Slurping oysters a pebble’s skim from their bed, scoffing scallops as seagulls wheel overhead – everything tastes infinitely more delicious when you’re in shouting distance of the shore. Enjoy our insider’s guide to the best beachside dining
Ask foodies-in-the-know for their ultimate alfresco dining destination and a good number will, without doubt, point you to Simon Stallard’s remote Hidden Hut on the Roseland Peninsula. With tickets selling out in minutes, the hotly-anticipated feast nights see eager epicureans descend on sheltered Porthcurnick beach, cutlery-clad and wine bottles a-clinking, to watch the culinary magic go down as the team of talented chefs tend to steaming pans over wood fires.
First for freshness
Short of being chucked in the brine with your mouth open, there can be few places offering as fresh a catch as The Crab House Cafe in Dorset’s Wyke Regis. Sweet, salty and spankingly fresh oysters come from their own Portland beds a few minutes from the restaurant and crab is caught in local waters. For complete summertime rhapsody grab a spot on the patio overlooking Chesil Beach.
Top for a takeaway
Tan toppers and beach bums may love the long stretch of sand at Woolacombe in north Devon but come tea time, foodies-in-the-know will have already slipped away to a nearby sliver of sand known as Barricane Beach. As well as being a treasure trove of exotic shells washed ashore by the Gulf Stream, it’s a damn fine place for a Sri Lankan curry from the beach hut cafe. Take a blanket, a crate of beer and make a party of it – the sunsets can be exquisite.
Fun for four-legged friends
Labradors who like to lunch tend to rave about Cornwall’s Lusty Glaze Beach Bar and Restaurant. A big hit with the smart spaniel set, Woof Wednesdays are when the best of doggie society gather for a canine dinner (the £3 cost goes to St Francis Home For Animals) while owners chow down on burgers, steaks and fish and chips. Waiters in flip-flops and a family-friendly menu make it a delightfully relaxed destination for a long lazy lunch with your pooch.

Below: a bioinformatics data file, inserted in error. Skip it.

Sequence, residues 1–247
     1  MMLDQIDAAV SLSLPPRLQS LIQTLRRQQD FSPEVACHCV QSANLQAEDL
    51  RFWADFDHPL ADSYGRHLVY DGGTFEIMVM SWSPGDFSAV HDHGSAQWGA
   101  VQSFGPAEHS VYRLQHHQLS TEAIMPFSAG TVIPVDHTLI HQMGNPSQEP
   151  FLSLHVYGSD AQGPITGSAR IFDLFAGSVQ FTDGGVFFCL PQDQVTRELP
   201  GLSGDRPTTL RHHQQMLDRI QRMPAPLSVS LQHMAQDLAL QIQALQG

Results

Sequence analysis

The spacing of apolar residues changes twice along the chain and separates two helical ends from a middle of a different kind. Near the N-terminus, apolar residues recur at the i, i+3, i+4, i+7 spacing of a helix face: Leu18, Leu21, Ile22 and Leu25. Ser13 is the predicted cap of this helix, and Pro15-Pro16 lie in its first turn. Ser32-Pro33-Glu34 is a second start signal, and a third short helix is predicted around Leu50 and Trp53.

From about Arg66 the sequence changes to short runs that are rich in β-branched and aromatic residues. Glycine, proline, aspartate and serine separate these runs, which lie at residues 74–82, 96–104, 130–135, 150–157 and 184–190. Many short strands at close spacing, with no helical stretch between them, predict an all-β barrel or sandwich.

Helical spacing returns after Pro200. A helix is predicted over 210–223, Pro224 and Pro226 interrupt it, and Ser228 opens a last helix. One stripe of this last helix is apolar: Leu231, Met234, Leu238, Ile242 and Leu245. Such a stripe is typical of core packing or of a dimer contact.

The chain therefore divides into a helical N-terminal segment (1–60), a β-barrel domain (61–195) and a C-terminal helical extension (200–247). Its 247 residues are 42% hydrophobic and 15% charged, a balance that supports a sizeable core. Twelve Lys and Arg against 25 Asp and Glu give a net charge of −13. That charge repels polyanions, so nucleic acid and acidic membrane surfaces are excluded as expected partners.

Wicked spot for wave riders
Board riders racing the curl on the two-mile gleaming sweep of Watergate Bay can reward their efforts with lunch by the shore at Jamie Oliver’s Fifteen Cornwall. Sit by the picture windows to watch wave sliders harnessing the power of boards, breezes and breakers. Head chef Adam Banks’ nose-to-tail Mediterranean cooking style is perfect for an atmospheric supper where dishes like spider crab with crisp carta di musica bread and woodfired monkfish complement the splendid views.
Superb at sunset
Perched between rugged north Cornwall cliffs overlooking Porthtowan beach, there can be few places as magnificent as Blue to watch the sun slowly sliding behind the ocean. Grab a seat on the large terrace or ensconce yourself next to a bay window and view some of the most awesome sunsets in the county while devouring stone baked pizzas, briny local seafood or a Cornish beef burger.
Supreme for seafood
Platters piled high with shelly critters like crab, lobster and Porthilly oysters make Porthminster Beach Cafe a must for crustacean connoisseurs. Although it’s not just beauteous seafood that lures diners to St Ives’ glamorous restauranton- the-beach. Turquoise waves, glimmering white sand, a sunkissed terrace and a menu of Mediterranean and Asian-inspired dishes make it a sweet summertime spot.
Best for a beachy brekkie
Sitting on silver sands, amid squawking seagulls and pounding waves, Cornwall’s Gylly Beach Cafe is a magnificent spot for a bready brekkie: its neighbouring bakery supplies it with doughy delights like olive-laced focaccia and brioche buns. With views across to the Lizard Peninsula, the most coveted seats are on the terrace. A Cornwall-roasted Origin espresso and a full breakfast will set you up for a day of sandcastle building and swingball.
We caught a taste of The Hidden Hut's alfresco vibes when Simon Stallard shared his recipe for summer sardines with saffron potatoes and oregano dressing